UNION – Although a private developer, who spent a year working on a deal to buy Merck’s property fronting Morris Avenue, went back to court last week with the hope of knocking out Kean’s right to buy the 50-acre site, a superior court judge reserved any decision on the matter until a later date.
At issue this time around was developer John Russo’s argument that Kean University has failed to produce any written legal substantiation proving the Kean family had the right to transfer the “right of first refusal,” to the university. In fact, the university admitted as much in court documents, according to township sources.
In question is the complicated issue of whether the Kean family had the legal right to transfer “the right of first refusal” to Kean University.
At the core of this legal argument is whether there needs to be written conveyance from the Kean family back in 1925, or if there is case law to support dismissal of the entire matter.
According to Kean University’s legal representation, the only documentation required was contained in the last will and testament of John Kean, Stewart B. Kean and Mary Alice Reynolds, dated Jan. 16, 1925. A covenant in that will, they said, indicated the “right of first refusal” fell back to the Kean family any time the property is sold in the future. However, Richard Berger, general counsel for Russo, argued in court that the “right of first refusal” ended with the expiration of a Kean trust in 1927.
In 1986 the Kean Family sold the 50-acre tract of land to the Schering Plough Corporation, which eventually became Merck when the corporations merged in 2009.
On Nov. 5, Berger told Judge Katherine Dupuis the university did not have the right of first refusal to buy the Merck property and their entire legal fight was “a sham claim to a right of first refusal.”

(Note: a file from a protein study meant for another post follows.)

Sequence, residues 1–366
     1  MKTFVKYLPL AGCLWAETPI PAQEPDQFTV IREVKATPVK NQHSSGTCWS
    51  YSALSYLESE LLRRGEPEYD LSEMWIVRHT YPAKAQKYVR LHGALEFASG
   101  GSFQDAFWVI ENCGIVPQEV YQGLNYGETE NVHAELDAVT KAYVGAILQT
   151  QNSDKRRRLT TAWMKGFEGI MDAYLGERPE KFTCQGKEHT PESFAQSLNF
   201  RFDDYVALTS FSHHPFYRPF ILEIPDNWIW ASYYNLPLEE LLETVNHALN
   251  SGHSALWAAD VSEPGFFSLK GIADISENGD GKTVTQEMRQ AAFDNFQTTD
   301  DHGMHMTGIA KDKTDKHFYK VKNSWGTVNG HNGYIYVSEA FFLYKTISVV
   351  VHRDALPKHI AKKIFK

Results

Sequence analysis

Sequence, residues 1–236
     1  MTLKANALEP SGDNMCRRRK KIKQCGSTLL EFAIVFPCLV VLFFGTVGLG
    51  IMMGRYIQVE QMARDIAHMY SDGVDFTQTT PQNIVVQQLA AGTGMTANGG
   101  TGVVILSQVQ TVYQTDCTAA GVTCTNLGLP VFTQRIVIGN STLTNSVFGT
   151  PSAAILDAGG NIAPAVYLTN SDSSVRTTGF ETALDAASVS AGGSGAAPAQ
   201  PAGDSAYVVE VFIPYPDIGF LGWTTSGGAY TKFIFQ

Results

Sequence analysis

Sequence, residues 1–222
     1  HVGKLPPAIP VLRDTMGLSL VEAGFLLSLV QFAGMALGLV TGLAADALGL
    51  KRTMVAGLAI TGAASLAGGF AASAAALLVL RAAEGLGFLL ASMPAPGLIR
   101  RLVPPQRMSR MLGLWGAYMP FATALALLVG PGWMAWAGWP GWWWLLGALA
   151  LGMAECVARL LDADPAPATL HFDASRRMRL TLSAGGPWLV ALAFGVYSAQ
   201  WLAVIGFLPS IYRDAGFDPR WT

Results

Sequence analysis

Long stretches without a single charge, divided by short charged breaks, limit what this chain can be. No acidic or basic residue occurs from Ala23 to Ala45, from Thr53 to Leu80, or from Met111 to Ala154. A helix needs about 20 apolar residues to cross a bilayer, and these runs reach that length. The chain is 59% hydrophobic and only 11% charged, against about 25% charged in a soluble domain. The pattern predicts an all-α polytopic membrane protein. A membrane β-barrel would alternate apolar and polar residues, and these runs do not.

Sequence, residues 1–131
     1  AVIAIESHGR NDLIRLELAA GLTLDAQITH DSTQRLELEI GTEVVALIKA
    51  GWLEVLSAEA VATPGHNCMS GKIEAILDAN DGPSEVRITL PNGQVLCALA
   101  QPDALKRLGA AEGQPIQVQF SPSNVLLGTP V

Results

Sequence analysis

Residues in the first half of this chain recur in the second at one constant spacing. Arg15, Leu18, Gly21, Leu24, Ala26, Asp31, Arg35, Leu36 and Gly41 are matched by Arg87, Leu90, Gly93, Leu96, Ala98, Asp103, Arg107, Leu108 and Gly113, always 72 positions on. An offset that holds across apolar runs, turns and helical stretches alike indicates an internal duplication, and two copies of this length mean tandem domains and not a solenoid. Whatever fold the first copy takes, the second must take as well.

The attorney based this on the fact neither the university nor the Kean family has been able to come up with written documentation to substantiate their claim.
Benjamin Clark, representing Union’s legal interest in ensuring the property is not handed over to the university, said Kean University was making a “phantom claim” for the right of first refusal.
The township became involved in this legal battle because the municipality and county stand to lose millions in property tax if Kean obtains the right since state colleges and universities are not required to pay property taxes.
According to sources attending the hearing, lawyers for Russo, Kean University and the township argued their respective points for two hours before Dupuis, but a final decision was not forthcoming. This means the judge will review both legal arguments and make a decision at a future date. When that will be, though, is unknown.
John Schmidt, an attorney representing the university, maintained in court that John Kean, a surviving descendant, retained the right of first refusal through his family.
The Kean family has maintained throughout months of legal wrangling that they had every right to transfer the right of first refusal to the university and the court should uphold the university’s legal right to buy the land.
Dupuis previously heard motions involving this legal matter and initially put a halt on the university going any further with the purchase until the matter went to trial. Three weeks later, however, when Kean again came before the court, Dupuis explained this halt was not what she had meant, and instead permitting the university to move forward with all efforts to buy the Merck property except the final step – closing the deal legally.